Archive for the ‘Live Music’ Category

Free Jazz at Vision Festival (Part 2)
June 21, 2012

Rob Brown and Daniel Levin
Kidd Jordan Quintet
Vision Festival 17 @ Roulette
Brooklyn, NY
Sunday, June 17, 2012

After Burnt Sugar’s army of musicians, Rob Brown and Daniel Levin stood as a gentle comment on minimalism’s freedom. Their duo of tenor sax and cello engaged in an elaborate dialogue, not afraid to leave space, or let their interlocutor speak at length, enjoying a momentary monologue.

Their melodic lines intersected in the air like the imaginary trails of two insects flitting about, demonstrating the beauty of chaos theory.

At other times, one would accompany the other. Levin detuned his C-string, turning his cello into a bass. He plucked strings with both hands to give a more layered accompaniment, more orchestral but still with a rounded levity.

Brown accompanied by playing one note, repeatedly, in differing, jarring rhythmic patterns, using tonal shifts to alter the texture and add additional movement. Brown’s method was effective, but he returned to it too often, and at times, it sounded as if he retreated to this repeated note technique when he was at a loss.

Brown and Levin’s brilliant conversation was the prize of the evening. And perhaps the most impressive aspect of the duo is their ability to improvise form. Each piece they began struck out into new territory, and they negotiated together the direction and shape of the piece, giving cues to each other and the audience signaling when the life of this music was reaching its end.

The Kidd Jordan Quintet closed the evening with a ferocious set. Jordan was a powerhouse on the tenor sax, ripping through phrases until the scales themselves were enervated, and his piercing squeals soared like rockets.

J. D. Parran filled the bottom end with a strong bari sax tone. He doubled on bass clarinet and wooden flute, adding a new spectrum of colors to the group’s already saturated sound.

Charles Gayle twisted atonal lines on the piano and pounded away in high and low registers, mashing the keys with full palms, pushing his own body off the bench. Gayle switched to tenor sax for the last song, joining Jordan’s wild sound.

The raw strength of the quintet, however, was also their weakness. The muscled force of the group was simply overwrought.

On drums, Hamid Drake played on top of everything. His creative spirit continually wrestled with his juggernaut style. Eventually, Drake’s playing was like adding too much fuel to the fire — it snuffs it out. I had trouble hearing anyone else, especially William Parker on bass.

The excitement of the first three minutes became stagnation. Without dynamics, loud is meaningless.  But then, that seems to be Kidd Jordan’s message, the reason for his quintet. The contrast is the silence after the music.


Free Jazz at Vision Fest (Part 1)
June 19, 2012

Ingrid Laubrock
Burnt Sugar
Vision Festival 17 @ Roulette
Brooklyn, NY
Sunday, June 17, 2012

Ingrid Laubrock’s quintet explored a broad but detailed soundscape. Painting with a wide palette of sound, Laubrock used subtle tonal changes and percussive, breathy rhythmic figures.

On drums, Tom Rainey controlled many of the textures. He created literal textures of sound by rubbing his hands over the drum heads, the dry friction producing squeaks that gave a new element of physicality to the drums. He held multiple drum sticks loosely over the snare and shuffled them as they rattled continuously as if in free-fall.

The rest of the band, Mary Halvorson (guitar), Kris Davis (piano), John Hébert (bass), played cautiously and judiciously, almost hesitant at times, from Laubrock’s complex charts. They altered their instruments’ tones, Davis with a John Cage-esque prepared piano muffle and Halvorson with a slide as if bending beams of light.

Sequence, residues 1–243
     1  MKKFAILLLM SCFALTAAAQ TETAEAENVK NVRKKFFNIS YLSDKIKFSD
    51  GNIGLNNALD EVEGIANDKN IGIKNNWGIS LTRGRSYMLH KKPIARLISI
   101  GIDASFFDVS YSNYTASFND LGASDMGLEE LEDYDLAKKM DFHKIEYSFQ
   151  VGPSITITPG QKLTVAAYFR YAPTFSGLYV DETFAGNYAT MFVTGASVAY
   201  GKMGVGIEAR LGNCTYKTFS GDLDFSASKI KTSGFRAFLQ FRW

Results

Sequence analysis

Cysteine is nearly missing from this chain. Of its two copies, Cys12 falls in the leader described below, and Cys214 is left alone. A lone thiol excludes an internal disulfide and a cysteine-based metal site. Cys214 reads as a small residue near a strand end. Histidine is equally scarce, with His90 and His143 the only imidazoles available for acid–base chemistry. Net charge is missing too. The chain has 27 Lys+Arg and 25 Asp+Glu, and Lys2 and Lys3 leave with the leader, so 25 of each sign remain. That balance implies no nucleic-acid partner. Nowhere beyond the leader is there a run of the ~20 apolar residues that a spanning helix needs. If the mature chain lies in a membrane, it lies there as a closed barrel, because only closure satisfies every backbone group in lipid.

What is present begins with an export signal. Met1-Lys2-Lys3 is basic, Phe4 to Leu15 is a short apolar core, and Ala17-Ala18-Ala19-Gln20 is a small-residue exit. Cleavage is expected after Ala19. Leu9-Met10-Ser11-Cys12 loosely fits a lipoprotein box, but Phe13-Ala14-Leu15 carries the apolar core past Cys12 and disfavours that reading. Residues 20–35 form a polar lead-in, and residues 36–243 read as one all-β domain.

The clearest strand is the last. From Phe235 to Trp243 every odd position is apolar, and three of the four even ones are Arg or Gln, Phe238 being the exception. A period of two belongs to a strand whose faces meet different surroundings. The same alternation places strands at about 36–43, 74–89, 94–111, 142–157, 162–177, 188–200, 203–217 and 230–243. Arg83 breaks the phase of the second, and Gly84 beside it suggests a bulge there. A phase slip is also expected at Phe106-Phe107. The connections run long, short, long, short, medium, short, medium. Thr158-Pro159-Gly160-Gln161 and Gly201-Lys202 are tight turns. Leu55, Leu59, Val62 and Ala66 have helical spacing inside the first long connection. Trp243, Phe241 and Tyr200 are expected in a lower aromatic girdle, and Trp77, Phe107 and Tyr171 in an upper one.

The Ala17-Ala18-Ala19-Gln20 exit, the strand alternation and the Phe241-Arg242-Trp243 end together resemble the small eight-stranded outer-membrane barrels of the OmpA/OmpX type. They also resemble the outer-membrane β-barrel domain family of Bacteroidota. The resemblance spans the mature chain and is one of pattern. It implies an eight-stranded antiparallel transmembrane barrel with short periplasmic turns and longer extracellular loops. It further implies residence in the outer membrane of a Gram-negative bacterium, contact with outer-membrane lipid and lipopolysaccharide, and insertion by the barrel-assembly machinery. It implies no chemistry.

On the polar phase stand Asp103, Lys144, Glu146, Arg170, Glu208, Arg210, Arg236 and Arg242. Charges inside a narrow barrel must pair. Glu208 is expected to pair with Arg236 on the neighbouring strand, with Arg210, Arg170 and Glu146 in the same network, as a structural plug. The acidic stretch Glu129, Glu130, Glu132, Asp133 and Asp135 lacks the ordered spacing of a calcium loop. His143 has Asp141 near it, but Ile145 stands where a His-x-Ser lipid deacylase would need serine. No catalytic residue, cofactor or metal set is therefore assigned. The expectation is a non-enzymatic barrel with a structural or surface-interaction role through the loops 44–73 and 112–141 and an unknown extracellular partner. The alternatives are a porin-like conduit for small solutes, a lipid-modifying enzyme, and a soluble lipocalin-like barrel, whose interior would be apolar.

Laubrock was at her best playing eruptive melodies mixed with pops and squeals. The intensity of these lines contrasted like a horizon of fire against the conservative, almost sullen shapes that formed the bulk of her compositions.

Next on stage was Burnt Sugar, an ingenious project that combines free improvisation with more traditional forms in a variety of styles, funk, R&B, soul, swing, bebop, and groove rock.

The personnel was vast: Greg “Ironman” Tate (conductor, guitar), Lisala, Abby Dobson, Mikel Banks (voice), Lewis “Flip” Barnes (trumpet), Micah Gaugh (alto sax), V. Jeffery Smith, Avram Fefer (tenor sax), Dave Smith (trombone), Jason DiMatteo (bass), Jared Nickerson (electric bass), LaFrae Sci (drums), and others, a sax player, a keyboard player, two more guitarists, and a percussionist.

This throng of musicians is Tate’s playland. In snazzy duds, he directs the band with fluid arms and hands as if he is throwing clay, sculpting a giant urn on the potter’s wheel of sound.

Tate’s mind is a premiere arranging mind, full of creative surprises, lifting the horns up, defining a rhythmic figure for them, cutting out percussion, leading the singers through harmonies of liquid vowells, dropping everything down to a capella.

While their size enables them to touch every color in the sky, when the whole band improvises together, they reach a critical density and their sound turns into an unpleasant overload.

I heard the keyboard player only once. I never heard the third guitar player. And, Tate would do best to lay down his guitar and conduct the whole time.

Lisala stole the show when she started the fourth song with a series of yearning blues lines punctuated by huge hits from the band. The song transitioned into a 60s spy-themed uptempo, and then out of nowhere dropped into a low, dirty swing, Lisala’s lusty vocals soaring over the band.

Check back soon to hear how Rob Brown and Daniel Levin and the Kidd Jordan Quintet finished off the evening.

Roots Rock in Brooklyn
June 16, 2012

The Pete Sinjin Band
Bar 4
Brooklyn, NY
Friday, June 15, 2012
9:00 – 11:00 p.m.

Otsego took the stage with a variety of instruments, acoustic and electric guitars, banjo, violin, harmonica, piano, electric bass, and drums. Their textured folk rock instrumentation could have been improved perhaps only by substituting upright bass for electric.